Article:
ONE OF A SERIES of books aimed at beginners about specific computers is I Wish I Knew about the Spectrum and the ZX-81.
The information in it is very basic and the book reads like a hard-back version of Sinclair manuals. The first seven chapters explain how to plug-in your particular brand of computer to the mains and how to type in simple Basic programs.
It is only in chapter eight that things begin to be interesting, with an overview of the ways in which graphics are handled on the Spectrum and ZX-81. The relaxed style and copious diagrams make it an easy introduction to computing and suitable for adult and child alike. One of its most attractive features is the lack of the 'straight and dull' style so often adopted by manual writers.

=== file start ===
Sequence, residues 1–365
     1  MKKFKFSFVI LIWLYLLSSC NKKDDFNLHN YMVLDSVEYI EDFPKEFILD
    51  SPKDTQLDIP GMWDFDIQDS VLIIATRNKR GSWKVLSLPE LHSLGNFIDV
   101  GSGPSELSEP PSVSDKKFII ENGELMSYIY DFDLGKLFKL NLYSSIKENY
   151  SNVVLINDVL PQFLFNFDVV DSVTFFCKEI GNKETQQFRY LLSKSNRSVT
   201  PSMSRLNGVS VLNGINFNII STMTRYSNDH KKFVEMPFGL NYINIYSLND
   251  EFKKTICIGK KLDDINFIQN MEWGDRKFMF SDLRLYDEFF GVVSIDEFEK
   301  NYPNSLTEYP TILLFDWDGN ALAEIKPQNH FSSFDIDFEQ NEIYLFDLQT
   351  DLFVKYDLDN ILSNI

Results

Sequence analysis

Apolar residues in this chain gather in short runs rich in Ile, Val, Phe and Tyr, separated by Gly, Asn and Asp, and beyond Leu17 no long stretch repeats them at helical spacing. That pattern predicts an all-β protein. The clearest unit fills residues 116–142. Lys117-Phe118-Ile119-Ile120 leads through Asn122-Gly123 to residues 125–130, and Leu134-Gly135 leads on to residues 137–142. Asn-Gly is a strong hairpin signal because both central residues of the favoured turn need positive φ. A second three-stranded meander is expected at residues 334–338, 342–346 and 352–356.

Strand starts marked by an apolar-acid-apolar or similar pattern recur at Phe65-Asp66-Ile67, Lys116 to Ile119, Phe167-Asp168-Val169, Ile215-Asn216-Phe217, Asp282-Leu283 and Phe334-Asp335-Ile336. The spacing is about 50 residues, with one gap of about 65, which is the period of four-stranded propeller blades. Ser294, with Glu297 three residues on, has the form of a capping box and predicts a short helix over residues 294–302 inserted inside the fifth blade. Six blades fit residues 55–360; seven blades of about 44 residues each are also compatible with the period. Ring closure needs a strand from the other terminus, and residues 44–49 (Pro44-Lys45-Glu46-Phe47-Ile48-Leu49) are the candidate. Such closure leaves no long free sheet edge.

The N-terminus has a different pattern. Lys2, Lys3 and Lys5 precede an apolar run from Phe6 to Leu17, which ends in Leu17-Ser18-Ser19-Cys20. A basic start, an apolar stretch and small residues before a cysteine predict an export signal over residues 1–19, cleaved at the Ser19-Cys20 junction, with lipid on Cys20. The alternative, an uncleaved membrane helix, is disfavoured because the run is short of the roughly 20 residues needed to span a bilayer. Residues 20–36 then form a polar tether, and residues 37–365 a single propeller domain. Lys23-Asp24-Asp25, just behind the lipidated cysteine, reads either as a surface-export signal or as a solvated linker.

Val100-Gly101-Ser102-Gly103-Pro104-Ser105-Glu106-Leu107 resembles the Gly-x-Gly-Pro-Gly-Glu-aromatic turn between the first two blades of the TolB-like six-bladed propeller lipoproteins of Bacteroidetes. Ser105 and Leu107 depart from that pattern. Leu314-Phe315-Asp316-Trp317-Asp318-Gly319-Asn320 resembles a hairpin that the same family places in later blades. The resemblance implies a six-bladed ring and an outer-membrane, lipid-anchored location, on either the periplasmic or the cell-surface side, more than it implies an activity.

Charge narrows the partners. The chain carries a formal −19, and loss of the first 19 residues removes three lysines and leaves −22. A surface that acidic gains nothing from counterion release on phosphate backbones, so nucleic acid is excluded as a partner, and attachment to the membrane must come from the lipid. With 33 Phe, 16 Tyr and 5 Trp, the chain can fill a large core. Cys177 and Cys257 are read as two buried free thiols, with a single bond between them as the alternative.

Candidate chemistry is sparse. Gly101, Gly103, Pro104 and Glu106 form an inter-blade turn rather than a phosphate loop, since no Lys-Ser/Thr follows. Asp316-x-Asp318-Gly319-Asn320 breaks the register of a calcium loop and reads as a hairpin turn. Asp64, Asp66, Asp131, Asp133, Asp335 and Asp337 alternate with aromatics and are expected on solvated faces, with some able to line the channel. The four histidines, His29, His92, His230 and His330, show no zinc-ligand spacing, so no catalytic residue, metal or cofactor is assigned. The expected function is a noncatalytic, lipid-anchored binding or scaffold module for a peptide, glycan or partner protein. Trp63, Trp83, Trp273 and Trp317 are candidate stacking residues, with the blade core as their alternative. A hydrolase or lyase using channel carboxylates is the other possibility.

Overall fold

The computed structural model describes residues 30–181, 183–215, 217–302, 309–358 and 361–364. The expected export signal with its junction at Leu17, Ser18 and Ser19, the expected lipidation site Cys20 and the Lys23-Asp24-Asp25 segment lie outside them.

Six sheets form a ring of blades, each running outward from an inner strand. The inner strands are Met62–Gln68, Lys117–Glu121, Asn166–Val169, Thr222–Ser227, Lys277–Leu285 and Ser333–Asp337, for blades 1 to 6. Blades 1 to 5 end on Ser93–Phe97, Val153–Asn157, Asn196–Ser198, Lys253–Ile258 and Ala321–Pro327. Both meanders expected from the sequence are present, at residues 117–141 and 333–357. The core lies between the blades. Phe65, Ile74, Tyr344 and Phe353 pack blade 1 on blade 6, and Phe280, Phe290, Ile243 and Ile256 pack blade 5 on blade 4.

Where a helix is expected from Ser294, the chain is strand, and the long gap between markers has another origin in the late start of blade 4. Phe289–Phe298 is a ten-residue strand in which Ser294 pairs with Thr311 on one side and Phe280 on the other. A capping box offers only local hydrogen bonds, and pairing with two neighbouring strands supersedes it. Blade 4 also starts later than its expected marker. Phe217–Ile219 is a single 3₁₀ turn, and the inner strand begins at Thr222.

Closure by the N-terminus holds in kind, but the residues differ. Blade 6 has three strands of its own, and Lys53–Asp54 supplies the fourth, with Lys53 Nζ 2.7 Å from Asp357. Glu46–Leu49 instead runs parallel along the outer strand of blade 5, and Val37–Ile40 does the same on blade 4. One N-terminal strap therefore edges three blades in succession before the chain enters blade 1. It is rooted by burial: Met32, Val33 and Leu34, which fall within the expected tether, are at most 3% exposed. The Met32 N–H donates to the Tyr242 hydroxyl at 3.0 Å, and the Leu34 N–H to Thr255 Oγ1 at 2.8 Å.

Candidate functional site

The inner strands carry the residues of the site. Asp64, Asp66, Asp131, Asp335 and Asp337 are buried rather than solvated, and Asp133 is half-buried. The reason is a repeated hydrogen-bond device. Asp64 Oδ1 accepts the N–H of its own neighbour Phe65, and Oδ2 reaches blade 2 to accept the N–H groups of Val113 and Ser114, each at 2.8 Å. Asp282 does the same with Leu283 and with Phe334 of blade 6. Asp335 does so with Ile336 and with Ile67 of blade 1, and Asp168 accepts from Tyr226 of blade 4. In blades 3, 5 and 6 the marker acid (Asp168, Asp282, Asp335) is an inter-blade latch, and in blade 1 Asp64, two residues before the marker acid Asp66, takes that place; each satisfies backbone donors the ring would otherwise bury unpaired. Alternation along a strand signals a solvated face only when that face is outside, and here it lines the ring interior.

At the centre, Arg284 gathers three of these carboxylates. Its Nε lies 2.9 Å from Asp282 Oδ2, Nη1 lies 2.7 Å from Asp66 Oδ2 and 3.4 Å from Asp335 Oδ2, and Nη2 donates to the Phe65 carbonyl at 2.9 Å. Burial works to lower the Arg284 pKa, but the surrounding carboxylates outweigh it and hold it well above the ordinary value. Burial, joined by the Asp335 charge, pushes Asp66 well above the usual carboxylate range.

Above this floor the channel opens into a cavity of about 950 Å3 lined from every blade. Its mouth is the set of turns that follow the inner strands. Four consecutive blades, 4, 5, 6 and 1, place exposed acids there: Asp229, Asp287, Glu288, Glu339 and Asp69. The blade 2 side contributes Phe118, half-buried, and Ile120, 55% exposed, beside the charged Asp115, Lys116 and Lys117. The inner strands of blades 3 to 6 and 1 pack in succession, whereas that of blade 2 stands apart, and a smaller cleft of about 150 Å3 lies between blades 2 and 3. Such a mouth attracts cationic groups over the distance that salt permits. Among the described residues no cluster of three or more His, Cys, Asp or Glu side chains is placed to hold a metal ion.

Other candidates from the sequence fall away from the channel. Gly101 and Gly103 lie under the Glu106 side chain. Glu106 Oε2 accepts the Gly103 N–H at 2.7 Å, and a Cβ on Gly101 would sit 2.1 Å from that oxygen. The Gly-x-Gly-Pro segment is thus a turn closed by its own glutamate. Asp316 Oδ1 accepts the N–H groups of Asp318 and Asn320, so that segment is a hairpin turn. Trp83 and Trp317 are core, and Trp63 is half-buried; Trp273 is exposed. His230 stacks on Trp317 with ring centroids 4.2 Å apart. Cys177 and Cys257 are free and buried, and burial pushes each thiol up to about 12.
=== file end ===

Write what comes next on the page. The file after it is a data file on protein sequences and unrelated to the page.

Some readers might find the style too relaxed and, together with the shortage of text, finish the book in about half an hour. There are, on average, four paragraphs of large text on each page and generous amounts of white space. The question has to be asked why yet another beginner's book has been produced for two machines in a market which is already saturated? I wish I knew.